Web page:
Every year droves of people turn to private investigators to help solve the problems they can’t get to the bottom of on their own. Private detectives provide an invaluable service to people in their greatest times of need-when they are being cheated on, harassed, stalked, bribed, spied on, and sabotaged, amongst dozens of other things. But not all people claiming to be private investigators are actually legally allowed to carry out investigations, so it is extremely important to verify the credentials of any private investigator before you hire them or share the details of your case.
In most states, private investigators must be licensed by the appropriate government agency within their state. It is illegal to practice investigations or claim to be a private investigator without holding a license. The licensing process ensures that PIs are qualified, experienced, free of legal issues or felonies, and generally are of sound moral character. There are a few states that don’t require licensure, but most states do.
One particular example of someone unknowingly hiring an unlicensed private investigator involves a family in Bloomington, Indiana who turned to a “private investigator” to help find their missing Indiana University student. According to Fox news, the family became displeased with the progress of the investigation, and police soon found out that the investigator the family had hired was not licensed, and was therefore practicing private investigations legally. Worse, the detective was not only unlicensed, his previously held license had been suspended by a judge for 10 years, though the reason for the suspension was undisclosed.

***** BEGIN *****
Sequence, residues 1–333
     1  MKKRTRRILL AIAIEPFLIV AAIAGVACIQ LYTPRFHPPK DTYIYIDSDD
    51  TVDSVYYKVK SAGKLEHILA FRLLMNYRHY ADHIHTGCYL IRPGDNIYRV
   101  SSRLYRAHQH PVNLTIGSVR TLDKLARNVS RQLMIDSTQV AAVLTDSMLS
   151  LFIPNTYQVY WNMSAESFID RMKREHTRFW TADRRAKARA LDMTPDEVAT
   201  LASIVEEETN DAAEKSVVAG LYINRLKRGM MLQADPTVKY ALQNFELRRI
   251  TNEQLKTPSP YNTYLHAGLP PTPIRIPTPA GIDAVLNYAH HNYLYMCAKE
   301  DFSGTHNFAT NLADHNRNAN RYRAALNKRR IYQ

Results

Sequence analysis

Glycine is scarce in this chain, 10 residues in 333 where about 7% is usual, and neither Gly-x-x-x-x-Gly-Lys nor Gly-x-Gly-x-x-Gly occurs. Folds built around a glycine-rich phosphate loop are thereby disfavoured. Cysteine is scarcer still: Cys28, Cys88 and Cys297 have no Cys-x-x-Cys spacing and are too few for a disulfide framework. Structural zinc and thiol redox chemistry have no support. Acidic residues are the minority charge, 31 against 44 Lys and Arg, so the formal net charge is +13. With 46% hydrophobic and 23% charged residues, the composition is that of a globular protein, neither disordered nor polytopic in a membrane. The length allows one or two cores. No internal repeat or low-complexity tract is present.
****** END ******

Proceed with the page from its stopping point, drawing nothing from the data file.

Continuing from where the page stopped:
Unfortunately, this is not an entirely unique scenario. Anyone seeking a private investigator should ask to see credentials and verify that the investigator they are considering is legally allowed to practice in their state. Although there are a few bad apples in the private investigative world, don’t be deterred; the number of legitimate and certified private investigators far outnumbers the few illegal ones.
Again, not every state requires licensure, but even those that do not still generally have basic legal requirements that their business must adhere to. Look into the requirements in your state so that you can make an informed decision when searching for the right private investigator.
For more information on private investigator requirements by state, an excellent resource can be found at www.icsworld.com